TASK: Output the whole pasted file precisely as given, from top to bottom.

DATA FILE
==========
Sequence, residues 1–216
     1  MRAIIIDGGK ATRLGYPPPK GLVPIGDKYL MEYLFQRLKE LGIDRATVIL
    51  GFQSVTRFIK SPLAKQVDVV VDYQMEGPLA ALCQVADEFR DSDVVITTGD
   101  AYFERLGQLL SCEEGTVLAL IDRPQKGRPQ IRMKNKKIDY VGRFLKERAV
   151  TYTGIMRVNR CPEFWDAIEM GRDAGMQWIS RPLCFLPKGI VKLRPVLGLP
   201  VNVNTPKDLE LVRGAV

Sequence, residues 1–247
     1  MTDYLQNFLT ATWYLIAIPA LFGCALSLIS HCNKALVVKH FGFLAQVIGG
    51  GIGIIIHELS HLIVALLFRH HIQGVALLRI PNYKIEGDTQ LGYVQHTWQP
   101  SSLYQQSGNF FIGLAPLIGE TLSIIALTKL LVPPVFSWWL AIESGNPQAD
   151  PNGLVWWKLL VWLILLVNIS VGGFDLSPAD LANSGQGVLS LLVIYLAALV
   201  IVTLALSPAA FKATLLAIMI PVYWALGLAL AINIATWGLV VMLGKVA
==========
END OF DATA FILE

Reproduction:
Sequence, residues 1–216
     1  MRAIIIDGGK ATRLGYPPPK GLVPIGDKYL MEYLFQRLKE LGIDRATVIL
    51  GFQSVTRFIK SPLAKQVDVV VDYQMEGPLA ALCQVADEFR DSDVVITTGD
   101  AYFERLGQLL SCEEGTVLAL IDRPQKGRPQ IRMKNKKIDY VGRFLKERAV
   151  TYTGIMRVNR CPEFWDAIEM GRDAGMQWIS RPLCFLPKGI VKLRPVLGLP
   201  VNVNTPKDLE LVRGAV

Sequence, residues 1–247
     1  MTDYLQNFLT ATWYLIAIPA LFGCALSLIS HCNKALVVKH FGFLAQVIGG
    51  GIGIIIHELS HLIVALLFRH HIQGVALLRI PNYKIEGDTQ LGYVQHTWQP
   101  SSLYQQSGNF FIGLAPLIGE TLSIIALTKL LVPPVFSWWL AIESGNPQAD
   151  PNGLVWWKLL VWLILLVNIS VGGFDLSPAD LANSGQGVLS LLVIYLAALV
   201  IVTLALSPAA FKATLLAIMI PVYWALGLAL AINIATWGLV VMLGKVA